Pages Navigation Menu
Categories Navigation Menu

Dams and Sediment in the Hudson (DaSH)

In 2016, the Hudson River National Estuarine Research Reserve began a collaborative project with UMass, WHOI, and CBI entitled Dams and

Water flows over a dam at Timor Park in a tributary of the Hudson River.

Timor Park Dam, photo credit: Andrew Meyer

Sediment in the Hudson (or, DaSH).  The goal of this project, supported by NOAA NERRS Science Collaborative, is to quantify the effects of dam removal on sediment transport and wetland sustainability in the Hudson River Estuary.

An overview of the project:

Hundreds of dams built on tributaries of the Hudson River estuary have altered the way that sediment moves through the system. Natural resource managers are now interested in removing some of these dams to improve connectivity of aquatic habitats, restore fish spawning habitat, and reduce risks of dam failures. A priority management need of the Hudson River National Estuarine Research Reserve is to improve the scientific understanding of the impacts that dam removals have on sediment transport and downstream tidal wetlands, including how these might change under future climate conditions.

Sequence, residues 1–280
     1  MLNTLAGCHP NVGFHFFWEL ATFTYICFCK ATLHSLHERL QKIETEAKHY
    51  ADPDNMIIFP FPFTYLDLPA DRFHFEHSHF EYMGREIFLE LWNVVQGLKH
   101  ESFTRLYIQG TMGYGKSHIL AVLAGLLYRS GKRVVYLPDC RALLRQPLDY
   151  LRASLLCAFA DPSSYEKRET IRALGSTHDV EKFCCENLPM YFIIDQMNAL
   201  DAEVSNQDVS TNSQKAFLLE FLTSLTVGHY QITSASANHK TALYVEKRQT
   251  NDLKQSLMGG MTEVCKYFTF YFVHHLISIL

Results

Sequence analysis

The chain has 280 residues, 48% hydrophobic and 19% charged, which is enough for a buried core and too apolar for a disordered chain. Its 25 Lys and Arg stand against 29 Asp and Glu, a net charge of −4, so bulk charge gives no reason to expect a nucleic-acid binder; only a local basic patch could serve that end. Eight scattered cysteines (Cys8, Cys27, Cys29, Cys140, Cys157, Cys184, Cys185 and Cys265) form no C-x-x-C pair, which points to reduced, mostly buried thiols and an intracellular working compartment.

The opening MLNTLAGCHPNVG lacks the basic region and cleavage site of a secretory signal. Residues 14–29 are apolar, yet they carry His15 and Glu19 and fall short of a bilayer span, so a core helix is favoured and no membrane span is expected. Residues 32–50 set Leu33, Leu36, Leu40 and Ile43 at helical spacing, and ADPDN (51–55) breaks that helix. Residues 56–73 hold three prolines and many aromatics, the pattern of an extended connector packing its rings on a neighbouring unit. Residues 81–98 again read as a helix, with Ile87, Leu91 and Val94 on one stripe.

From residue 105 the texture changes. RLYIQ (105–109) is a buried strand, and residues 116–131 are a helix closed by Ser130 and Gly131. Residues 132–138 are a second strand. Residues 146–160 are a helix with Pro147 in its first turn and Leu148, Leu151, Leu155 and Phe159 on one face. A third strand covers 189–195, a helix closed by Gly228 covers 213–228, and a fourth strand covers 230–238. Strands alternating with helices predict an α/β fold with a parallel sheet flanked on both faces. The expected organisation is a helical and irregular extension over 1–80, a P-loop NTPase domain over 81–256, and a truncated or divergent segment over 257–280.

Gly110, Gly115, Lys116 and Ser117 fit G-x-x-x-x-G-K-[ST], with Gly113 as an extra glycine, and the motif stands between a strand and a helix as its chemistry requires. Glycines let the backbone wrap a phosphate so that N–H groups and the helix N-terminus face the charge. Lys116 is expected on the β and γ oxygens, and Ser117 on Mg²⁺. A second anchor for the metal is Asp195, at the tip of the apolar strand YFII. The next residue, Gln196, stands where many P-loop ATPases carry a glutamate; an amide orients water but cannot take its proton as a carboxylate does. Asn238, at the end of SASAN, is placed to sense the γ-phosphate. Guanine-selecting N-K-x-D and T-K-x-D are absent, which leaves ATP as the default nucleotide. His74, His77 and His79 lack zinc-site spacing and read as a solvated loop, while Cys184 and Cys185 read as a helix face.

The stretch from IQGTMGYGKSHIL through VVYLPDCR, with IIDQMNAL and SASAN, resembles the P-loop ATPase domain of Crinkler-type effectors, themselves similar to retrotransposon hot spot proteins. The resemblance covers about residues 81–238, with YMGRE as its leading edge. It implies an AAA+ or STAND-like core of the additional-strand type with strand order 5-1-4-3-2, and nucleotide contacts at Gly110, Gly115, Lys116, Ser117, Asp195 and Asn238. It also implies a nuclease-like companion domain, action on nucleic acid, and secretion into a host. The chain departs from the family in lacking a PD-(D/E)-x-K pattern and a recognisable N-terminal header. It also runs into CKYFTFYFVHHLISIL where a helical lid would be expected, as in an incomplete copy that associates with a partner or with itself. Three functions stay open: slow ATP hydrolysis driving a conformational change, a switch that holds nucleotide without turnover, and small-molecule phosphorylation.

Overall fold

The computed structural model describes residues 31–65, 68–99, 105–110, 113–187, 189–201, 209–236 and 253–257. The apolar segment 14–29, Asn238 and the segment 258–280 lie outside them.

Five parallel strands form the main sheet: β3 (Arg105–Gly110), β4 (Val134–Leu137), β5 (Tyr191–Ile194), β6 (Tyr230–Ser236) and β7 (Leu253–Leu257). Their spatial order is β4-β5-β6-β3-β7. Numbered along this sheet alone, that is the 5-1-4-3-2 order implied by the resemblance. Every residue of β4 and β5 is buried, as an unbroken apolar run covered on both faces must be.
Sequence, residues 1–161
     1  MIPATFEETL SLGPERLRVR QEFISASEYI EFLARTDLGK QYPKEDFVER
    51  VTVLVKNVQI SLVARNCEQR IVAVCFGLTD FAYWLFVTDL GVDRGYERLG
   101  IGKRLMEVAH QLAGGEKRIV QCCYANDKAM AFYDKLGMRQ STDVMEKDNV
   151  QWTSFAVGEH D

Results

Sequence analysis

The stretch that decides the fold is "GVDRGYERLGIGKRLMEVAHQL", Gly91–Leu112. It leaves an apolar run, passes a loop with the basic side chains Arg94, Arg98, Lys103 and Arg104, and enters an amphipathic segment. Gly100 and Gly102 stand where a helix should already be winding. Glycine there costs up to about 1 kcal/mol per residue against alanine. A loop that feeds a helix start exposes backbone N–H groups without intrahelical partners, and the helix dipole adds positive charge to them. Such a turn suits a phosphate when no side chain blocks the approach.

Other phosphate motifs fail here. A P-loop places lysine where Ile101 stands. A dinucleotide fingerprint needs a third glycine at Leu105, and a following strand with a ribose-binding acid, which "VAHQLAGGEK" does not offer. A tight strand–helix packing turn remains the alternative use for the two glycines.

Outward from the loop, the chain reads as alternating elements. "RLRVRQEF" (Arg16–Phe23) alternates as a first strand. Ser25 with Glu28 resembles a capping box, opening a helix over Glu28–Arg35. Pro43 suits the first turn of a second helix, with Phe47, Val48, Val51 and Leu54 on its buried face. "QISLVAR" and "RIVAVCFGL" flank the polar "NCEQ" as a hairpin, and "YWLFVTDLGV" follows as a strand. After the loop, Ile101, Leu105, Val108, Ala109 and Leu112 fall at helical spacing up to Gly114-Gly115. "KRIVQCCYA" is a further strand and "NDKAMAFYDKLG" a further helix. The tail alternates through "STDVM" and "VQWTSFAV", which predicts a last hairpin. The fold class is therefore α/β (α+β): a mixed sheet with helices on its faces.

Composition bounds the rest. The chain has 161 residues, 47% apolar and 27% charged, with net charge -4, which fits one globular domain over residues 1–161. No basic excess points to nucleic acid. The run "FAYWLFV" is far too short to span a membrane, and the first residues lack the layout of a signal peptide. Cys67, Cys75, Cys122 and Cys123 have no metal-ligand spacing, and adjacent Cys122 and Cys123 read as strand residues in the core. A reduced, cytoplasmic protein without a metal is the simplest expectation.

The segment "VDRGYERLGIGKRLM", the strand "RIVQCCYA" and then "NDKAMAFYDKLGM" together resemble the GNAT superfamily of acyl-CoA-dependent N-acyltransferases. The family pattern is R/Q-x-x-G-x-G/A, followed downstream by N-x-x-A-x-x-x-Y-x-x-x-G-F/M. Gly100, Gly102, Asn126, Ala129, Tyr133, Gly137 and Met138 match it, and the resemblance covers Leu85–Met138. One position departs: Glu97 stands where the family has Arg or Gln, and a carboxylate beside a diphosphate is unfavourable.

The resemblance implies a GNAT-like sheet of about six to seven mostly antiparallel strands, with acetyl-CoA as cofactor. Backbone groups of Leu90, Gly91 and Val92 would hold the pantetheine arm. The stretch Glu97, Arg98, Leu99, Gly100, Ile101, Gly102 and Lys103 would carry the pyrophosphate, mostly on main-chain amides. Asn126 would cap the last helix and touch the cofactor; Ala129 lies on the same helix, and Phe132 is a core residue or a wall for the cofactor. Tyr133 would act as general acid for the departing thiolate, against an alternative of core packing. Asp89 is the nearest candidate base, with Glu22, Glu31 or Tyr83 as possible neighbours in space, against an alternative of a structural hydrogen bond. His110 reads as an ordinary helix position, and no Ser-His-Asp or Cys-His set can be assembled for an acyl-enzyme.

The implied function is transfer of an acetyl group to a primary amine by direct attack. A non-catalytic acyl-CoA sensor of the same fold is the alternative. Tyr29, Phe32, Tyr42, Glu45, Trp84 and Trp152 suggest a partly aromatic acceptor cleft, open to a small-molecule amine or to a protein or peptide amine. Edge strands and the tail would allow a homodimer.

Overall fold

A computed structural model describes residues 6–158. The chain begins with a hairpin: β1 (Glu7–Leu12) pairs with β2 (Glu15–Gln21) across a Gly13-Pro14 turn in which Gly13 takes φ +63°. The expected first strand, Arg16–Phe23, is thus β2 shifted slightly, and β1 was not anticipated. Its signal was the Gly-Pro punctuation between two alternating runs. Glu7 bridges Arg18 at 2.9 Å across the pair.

This project will address needs identified by managers and regulators to assess the immediate impacts of sediment that is released when a dam is removed, as well as the longer term implications. The approach combines field observations with analysis of sediment movement using a proven hydrodynamic model. The project will develop watershed assessment tools for permitting dam removals and establish an improved scientific basis for considering the potential downstream benefits in regulatory decision-making.

 

Targeted End Users and Anticipated Products

  • Regulators will have access to new watershed assessment tools to help them evaluate the downstream impacts of dam removal.
  • Landowners, marsh managers, and federal and state restoration planners will receive training, project reports, and analysis tools to assess how dam removal will affect sediment conditions downstream.
  • Project findings and tools will be shared with resource and estuarine managers in similar systems.

 

Project Updates

–April 6, 2017–

DaSH has gathered an Advisory Committee, which consists of representatives from a diverse array of academic, governmental, and non-profit agencies.  This Committee will meet several times over the span of the project, with the first meeting taking place in mid-late June 2017.

The selection of study sites in the Stockport Watershed is currently underway.  In June 2017, the research team will visit potential sites to survey impoundment conditions and take preliminary cores; the final selection of the 6 study sites will occur by July 2017.

Hudson River National Estuarine Research Reserve

New York State Department of Environmental Conservation
NOAA National Estuarine Research Reserve System

%d bloggers like this: